There has been high frequency trading since the first stock exchanges opened in the seventeenth century – computerization has only accelerated its pace. As outlined in a recent IOSCO study, modern transaction speeds do raise concerns about pre-trade risk and compliance controls, but few if any of these are insurmountable. More trenchant criticisms note that high frequency trading, in the context of fragmented markets with multiple venues, each offering a somewhat different microstructure, opens the door to price manipulation and to meltdowns such as the “Flash Crash.” Further, the competition for liquidity among these venues has led to the practice of selling access to flash orders, which many commentators regard as tantamount to permission to front-run other market participants.

Dubious as the practice may be, offering firms access to flash orders is simply the latest in a long line of privileges that exchanges have offered to attract liquidity providers to their platforms. They argue that investors benefit from these, in terms of faster execution and price improvement: for example, the CBOE claims that flash orders saved its customers $3.6 million in a single month. However, if the practice is banned, as the SEC proposes, it is inevitable that exchanges will respond by devising some new trading privilege to attract liquidity providers. This is not just a cynical comment. Providing a venue for liquidity is exchanges’ business, but they are not in a position to provide it themselves, since that would transform them into broker-dealers. So they have no choice, in a competitive environment, but to find ways to attract third party liquidity to their transaction mechanisms. When exchanges argue that they perform a public service by offering privileges that enhance their liquidity, high frequency traders can hardly be blamed for making use of them.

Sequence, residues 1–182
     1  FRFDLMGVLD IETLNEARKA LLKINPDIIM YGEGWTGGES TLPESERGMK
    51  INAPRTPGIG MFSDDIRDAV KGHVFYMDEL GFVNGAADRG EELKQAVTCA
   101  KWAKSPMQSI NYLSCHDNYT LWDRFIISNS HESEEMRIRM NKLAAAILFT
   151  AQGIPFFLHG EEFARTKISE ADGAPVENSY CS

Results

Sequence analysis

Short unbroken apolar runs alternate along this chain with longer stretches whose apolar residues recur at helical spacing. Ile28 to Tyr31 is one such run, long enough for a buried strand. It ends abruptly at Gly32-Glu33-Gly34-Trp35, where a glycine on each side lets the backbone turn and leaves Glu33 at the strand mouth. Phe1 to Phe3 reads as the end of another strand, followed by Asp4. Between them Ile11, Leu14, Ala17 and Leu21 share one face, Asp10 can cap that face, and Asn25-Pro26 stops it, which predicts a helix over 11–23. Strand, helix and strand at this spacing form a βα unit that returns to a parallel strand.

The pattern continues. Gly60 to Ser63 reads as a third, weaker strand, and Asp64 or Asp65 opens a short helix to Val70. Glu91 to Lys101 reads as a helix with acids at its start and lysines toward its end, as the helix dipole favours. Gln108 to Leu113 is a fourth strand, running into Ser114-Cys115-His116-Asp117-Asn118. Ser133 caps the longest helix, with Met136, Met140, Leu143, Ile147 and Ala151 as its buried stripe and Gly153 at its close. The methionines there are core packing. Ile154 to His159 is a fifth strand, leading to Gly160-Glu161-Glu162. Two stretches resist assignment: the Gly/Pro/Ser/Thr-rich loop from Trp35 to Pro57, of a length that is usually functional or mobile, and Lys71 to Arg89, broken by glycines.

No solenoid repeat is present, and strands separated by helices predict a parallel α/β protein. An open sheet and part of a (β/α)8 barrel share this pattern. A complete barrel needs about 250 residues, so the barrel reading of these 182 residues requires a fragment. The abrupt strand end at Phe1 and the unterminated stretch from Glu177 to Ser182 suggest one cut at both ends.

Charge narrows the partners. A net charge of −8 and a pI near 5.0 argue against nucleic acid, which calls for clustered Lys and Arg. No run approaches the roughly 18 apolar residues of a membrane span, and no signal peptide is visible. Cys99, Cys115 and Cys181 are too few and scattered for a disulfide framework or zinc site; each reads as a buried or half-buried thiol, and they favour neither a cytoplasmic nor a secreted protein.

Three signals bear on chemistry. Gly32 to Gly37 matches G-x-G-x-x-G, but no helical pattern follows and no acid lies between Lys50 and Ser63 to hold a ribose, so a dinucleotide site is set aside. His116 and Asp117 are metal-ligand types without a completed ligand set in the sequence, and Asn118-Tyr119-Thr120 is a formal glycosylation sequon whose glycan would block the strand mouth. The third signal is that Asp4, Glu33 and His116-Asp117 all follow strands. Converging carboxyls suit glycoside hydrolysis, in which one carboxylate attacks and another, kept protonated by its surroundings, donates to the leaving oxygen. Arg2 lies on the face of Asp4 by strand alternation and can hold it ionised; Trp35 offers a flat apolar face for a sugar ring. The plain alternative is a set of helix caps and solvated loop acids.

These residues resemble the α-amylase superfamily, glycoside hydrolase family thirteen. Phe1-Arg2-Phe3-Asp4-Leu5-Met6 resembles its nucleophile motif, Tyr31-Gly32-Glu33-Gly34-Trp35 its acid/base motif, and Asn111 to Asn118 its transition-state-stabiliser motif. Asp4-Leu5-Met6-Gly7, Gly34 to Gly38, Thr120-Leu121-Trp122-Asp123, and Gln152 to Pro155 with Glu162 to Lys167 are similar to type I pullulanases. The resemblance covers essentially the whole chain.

Multiple, competing exchanges with different transaction mechanisms almost certainly do increase the opportunities for market failure, as has been apparent since the mechanics of the Crash of 1987 began to be understood. Whether computerized direct access to these execution venues exacerbates this problem is debatable. It is likely that modern market infrastructure would have prevented or at least greatly ameliorated the 1987 episode. On the other hand, while the causes of the “Flash Crash” remain obscure, it is certain (if only because of their share of transaction volume) that high frequency traders played an important role in it. While the information available to regulators may not, in the end, be sufficient firmly to establish the cause of the “Flash Crash,” this indicates a serious gap in their capabilities that must be filled – the sooner the better.

As the IOSCO paper notes, regulatory authorities are somewhat hampered with regard to the enforcement of rules against market manipulation by some of the ways that high frequency traders may obtain direct electronic access to markets. This is a situation that must be corrected. Since there is reason to suspect that tape-painting and possibly even more highly irregular activity by high frequency traders contributed significantly to the “Flash Crash,” addressing this issue must also be a high regulatory priority. Much of this can be accomplished by enforcing existing rules, provided that regulators are able to obtain the information needed in order to do so. Fortunately, this is essentially the same information they would require to determine the causes of such episodes.

Friday, August 20, 2010

Inflation and Infrastructure